I see this a lot -- businesses that hire a coach or other third party to come in and "fix things." They meet with these experts for a few months, their process is analyzed, their day-to-day flow critiqued and, at the end, the coach gives feedback and suggestions for improvement -- areas that could flow better, ways to be more profitable, things that could be cut altogether. They are also shown the possibilities that exist if they can learn to manage the process and how it directly affects the bottom line.
I'm not talking about cutting benefits to employees or reducing staff or lowering quality. I'm talking specifically about process and procedure improvements.
Business owners sit through these meetings and get excited about the possibilities and opportunities, their eyes glazed over by dollar signs and visions of an earlier retirement. Managers dream of the bonuses the improvements will earn them.
But reality strikes when the business coach begins to highlight specific areas that need change. I've sat through this time and again, where business owners and managers are on board for the results change can bring, but they are not on board with the very changes that would yield those results.
Remember the well-known saying: "Doing the same thing over and over again while expecting different results is a form of insanity."
One of the most often-heard excuses for not implementing change is "How do we know this will work?" or, put differently, "Isn't there a risk in making a change?"
Well, yes. Owning a business is in fact a risk -- every transaction carries some risk. And while it is clear that the way you are, and have been, running your business isn't working (because cash flow is tight, you're losing customers, you have high employee turnover, and so on,) what is not clear is why you continue to be committed to those same practices that continue to fail.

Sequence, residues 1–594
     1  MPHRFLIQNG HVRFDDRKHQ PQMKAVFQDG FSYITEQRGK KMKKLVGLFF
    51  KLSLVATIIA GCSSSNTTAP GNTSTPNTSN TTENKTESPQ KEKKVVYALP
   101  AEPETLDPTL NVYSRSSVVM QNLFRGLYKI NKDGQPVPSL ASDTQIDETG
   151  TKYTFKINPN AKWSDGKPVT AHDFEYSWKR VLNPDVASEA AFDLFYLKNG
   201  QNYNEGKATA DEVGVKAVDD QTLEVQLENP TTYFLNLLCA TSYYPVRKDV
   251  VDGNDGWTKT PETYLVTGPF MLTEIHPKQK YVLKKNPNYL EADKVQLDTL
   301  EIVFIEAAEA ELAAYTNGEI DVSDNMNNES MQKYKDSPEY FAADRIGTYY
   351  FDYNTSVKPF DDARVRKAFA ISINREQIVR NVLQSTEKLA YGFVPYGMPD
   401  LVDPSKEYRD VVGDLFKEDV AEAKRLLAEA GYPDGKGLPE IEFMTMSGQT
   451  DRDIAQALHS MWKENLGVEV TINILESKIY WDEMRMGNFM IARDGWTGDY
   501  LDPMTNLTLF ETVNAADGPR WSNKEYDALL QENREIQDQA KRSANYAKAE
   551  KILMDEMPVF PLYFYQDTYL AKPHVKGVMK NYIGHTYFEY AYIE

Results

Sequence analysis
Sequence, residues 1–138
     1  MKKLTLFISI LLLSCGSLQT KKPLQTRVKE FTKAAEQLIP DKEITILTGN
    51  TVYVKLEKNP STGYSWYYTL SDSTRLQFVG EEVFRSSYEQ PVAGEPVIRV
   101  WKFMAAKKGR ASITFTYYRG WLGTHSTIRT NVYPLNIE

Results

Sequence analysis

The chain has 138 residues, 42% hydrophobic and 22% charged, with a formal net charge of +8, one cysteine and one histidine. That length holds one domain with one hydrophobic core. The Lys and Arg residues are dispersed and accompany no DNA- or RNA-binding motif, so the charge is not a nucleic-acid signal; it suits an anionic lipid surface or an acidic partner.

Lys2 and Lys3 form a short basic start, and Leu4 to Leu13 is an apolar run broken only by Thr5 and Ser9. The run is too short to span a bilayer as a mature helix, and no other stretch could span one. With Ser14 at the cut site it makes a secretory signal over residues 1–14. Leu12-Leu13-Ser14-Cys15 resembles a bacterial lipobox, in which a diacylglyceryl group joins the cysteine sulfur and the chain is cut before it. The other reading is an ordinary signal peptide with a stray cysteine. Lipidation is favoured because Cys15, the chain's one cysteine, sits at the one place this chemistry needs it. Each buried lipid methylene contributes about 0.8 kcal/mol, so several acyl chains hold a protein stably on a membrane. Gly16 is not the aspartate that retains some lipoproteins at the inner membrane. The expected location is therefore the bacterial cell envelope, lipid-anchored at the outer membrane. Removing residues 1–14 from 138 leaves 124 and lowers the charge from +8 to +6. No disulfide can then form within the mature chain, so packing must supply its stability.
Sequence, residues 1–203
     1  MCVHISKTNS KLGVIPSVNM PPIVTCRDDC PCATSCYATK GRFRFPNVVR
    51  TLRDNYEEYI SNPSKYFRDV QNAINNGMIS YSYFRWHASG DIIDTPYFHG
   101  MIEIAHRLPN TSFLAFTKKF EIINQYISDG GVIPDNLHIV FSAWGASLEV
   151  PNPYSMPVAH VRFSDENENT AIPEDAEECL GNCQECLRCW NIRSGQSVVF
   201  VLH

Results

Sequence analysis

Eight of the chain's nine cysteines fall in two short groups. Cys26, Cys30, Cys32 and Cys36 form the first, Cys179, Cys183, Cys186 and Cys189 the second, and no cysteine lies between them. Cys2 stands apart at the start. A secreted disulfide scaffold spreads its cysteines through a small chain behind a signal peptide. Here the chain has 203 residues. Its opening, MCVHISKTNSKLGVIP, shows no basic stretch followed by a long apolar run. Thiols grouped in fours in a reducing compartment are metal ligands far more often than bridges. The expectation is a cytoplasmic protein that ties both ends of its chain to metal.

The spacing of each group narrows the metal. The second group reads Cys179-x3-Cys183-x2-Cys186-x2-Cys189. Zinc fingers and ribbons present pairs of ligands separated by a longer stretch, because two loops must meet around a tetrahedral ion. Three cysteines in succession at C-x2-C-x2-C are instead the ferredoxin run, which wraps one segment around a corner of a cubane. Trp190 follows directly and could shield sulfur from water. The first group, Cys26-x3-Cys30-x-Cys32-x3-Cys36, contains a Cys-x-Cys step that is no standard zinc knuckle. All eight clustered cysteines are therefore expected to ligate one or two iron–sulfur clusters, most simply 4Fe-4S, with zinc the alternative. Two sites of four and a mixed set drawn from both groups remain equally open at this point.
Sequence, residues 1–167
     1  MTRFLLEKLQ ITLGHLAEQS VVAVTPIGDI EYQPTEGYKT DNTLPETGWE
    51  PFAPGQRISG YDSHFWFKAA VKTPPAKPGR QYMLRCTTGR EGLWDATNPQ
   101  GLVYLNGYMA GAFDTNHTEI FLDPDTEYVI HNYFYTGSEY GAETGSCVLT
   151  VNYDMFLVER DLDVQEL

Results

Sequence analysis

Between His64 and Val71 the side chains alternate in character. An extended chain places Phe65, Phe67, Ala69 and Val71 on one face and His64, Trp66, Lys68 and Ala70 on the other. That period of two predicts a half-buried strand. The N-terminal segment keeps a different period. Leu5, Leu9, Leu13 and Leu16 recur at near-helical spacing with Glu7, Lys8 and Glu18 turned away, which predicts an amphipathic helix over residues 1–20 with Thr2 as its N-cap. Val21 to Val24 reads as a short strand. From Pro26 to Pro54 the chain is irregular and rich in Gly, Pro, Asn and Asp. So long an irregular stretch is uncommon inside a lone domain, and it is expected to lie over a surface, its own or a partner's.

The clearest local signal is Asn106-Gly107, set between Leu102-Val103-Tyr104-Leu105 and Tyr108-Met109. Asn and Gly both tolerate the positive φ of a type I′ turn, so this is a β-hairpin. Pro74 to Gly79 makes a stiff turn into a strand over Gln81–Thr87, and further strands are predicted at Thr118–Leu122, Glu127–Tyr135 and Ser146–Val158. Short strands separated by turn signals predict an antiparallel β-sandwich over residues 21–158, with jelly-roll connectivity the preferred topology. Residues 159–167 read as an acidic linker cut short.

Sure, making changes is a risk. But so is doing nothing. So the question isn't, "Do we take a risk?" But rather, "do we take the risk of staying this same route, a route we know won't improve our position or do we take the risk of making changes that at least have the possibility of producing results?"
The good news: you can always go back or make changes again if the changes you implemented don't yield the hoped-for results.
Simply spending money on a business coach and then failing to take any action is never going to bring results. You can spend as much money as you'd like trying to get someone else to solve your problems, but nothing is going to change until you, the owner or the manager, create and allow change to take place.
You can't buy change. You have to create it.
Kim Bowsher started her management track at the original Starbucks in Seattle. She moved on to helping small businesses, putting to work the lessons she learned in the coffee business. She currently works with a private firm in Salt Lake City. Contact her at firstname.lastname@example.org.